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Portrait Photography tips

How to shoot Better Portraits

You may be taking portraits of your friends or you may have been hired to photograph a group of family, the headshot of a celebrity or a corporate CEO or a complete modelling portfolio of an aspiring model.

You could be shooting in a professional studio or outside in a park or a street, the useful tips that follow, will help you become a better portrait or Fashion photographer.

Shoot at Aperture Priority

Shoot in Aperture Priority mode to control the Depth of field. In this mode, your SLR will automatically set the shutter speed on its own for a correct exposure based on the aperture selected by you.

At Aperture priority mode, a common photography problem while shooting people with light skin tones is under-exposed tones and a bit of an overexposure in case of dark-skinned subjects. You’ll notice this more when shooting close-ups or when there’s lots of white in the scene –people wearing white outfits or standing against a bright source are typical examples.

In such situations, the subject appears to be darker than what he or she actually is, especially in the case of very fair people or if the subject is wearing a white outfit. You can try using Exposure Compensation. Try dialing in up to +1 stop of positive Exposure Compensation to lighten up people’s faces. In earlier times, the cameras typically used to have an "against the light compensation button" to be used in such situations. One of my first cameras, Canon AE1 used to have this button.

For average skin tones, one does not need to do anything as these tones are closer to 18% grey card and the camera's metering is based on the assumption that all subjects are of the same average tone as a standard 18% grey. So the exposure in such situations is generally correct and one does not need to make any changes.

Also while shooting tight portraits with a long focal length lens, there is no need to compensate for the exposure while shooting against the light. The camera in such situations is measuring light from the face and is not influenced by the camera being pointed against the light. No stray light of other areas are included in the frame so "against the light" does not influence the exposure.

Switch to measuring Incident light

The incident light meter measures the light falling on the subject and is hence more accurate as compared to the reflected light reading which is influenced by the tonality of the main subject and well as surroundings.

Move on to Manual Mode - Once you have taken the clue of the right aperture and shutter speed combination, switch over to the manual mode with the right optimum settings which give the correct exposure on the subject. The objective is that as compared to the aperture priority mode, the exposure will not change as you change your angles and composition. For example, in the case of aperture priority, the camera may suggest a different exposure when shooting full-length and close-ups. The meter is being influenced by the tonality of the outfit or the background when the frame is wider. A window added in the frame may just influence the exposure, suggesting to reduce the exposure as more light is entering through the window. Setting the camera on Manual mode will help you concentrate more on the expressions and body language of the subject rather than handling of the exposure with changing composition or framing. This is great when you are about to shoot a lot of photographs in the same area, around the same time, while the intensity of the light source itself is not changing.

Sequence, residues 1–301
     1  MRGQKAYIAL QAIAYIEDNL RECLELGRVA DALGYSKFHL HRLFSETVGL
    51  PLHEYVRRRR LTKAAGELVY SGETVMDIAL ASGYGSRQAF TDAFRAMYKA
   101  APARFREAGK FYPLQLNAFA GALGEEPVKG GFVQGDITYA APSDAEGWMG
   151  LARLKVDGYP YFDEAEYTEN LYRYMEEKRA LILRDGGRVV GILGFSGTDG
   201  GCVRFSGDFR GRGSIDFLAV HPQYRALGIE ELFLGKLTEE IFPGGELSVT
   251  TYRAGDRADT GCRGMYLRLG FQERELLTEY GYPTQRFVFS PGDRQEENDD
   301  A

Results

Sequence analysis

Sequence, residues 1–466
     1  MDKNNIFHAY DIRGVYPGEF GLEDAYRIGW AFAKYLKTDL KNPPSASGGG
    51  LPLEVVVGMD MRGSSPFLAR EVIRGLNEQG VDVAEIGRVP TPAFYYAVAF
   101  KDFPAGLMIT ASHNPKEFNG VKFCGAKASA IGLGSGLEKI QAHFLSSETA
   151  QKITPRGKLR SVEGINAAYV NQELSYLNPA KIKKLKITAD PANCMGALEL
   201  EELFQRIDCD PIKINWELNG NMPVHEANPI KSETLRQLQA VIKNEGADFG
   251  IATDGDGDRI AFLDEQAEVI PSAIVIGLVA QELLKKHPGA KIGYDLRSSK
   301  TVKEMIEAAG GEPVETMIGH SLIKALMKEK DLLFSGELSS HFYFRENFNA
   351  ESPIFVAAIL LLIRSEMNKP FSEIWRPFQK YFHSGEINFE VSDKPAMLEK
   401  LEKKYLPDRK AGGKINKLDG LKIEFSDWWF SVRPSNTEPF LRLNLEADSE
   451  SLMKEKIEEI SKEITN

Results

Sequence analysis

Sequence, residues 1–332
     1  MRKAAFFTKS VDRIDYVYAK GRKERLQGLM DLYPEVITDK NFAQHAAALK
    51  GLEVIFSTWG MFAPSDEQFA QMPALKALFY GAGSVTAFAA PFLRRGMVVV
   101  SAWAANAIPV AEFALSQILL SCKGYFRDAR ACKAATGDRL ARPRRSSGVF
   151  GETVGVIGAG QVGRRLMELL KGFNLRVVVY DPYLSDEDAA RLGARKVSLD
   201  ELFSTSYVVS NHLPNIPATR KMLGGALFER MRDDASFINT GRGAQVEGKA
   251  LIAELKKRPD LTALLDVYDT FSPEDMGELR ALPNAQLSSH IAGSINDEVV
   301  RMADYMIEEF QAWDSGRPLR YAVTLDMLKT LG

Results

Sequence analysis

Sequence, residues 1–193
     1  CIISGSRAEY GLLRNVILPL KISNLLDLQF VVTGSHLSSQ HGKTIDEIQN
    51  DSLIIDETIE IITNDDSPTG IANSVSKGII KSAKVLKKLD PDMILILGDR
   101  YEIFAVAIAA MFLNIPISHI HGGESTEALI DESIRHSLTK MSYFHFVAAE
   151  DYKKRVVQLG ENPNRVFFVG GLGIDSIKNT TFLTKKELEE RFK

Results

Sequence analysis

However, when you are on a constant move as in with street photography, shooting on aperture priority may just work better, most of the time.

Shoot with an open aperture

When shooting portraits, it’s best to set a wide aperture (around f/2.8-f/4) to capture a shallow depth of field, so the background behind your subject is nicely blurred, making it stand out better. But do keep in mind that do not open so much that the face itself becomes out of focus. With such large apertures, one does need to be careful with focusing and focus at the area which is most important in the portrait. generally, it's good to focus on the eyes. Many photographers are too obsessed with getting an out-of-focus background that they end up having the subject itself out of focus, which they are seldom able to judge on the small screen of the camera.

Photographed by Munish Khanna

Photographed by Munish Khanna

Play around with the Foreground as well

Most of the Photographers concentrate on a blurred background and ignore the foreground. Including the foreground in the frame can help achieve a sense of depth in the photograph. Ensure that an opened aperture is used in this case as well to render the foreground out of focus. Since the foreground is closer to the camera, it will anyways be less sharp compared to the subject. Depth of field is less in front of the subject and more behind the subject. Make sure that you have set the camera on the right focusing mode, where it focuses on the points picked up by you instead of an overall wide focusing in which it may end up focusing at the nearest element.

Photographed by Munish Khanna

Photographed through the space between the car door, the photograph draws the eye on the model without even letting the car be noticeable.

Photographed by Munish Khanna

A little wider frame gives an idea about the car as well.

Photographed by Munish Khanna

The foreground could even be the person herself with the reflection as the main subject in focus.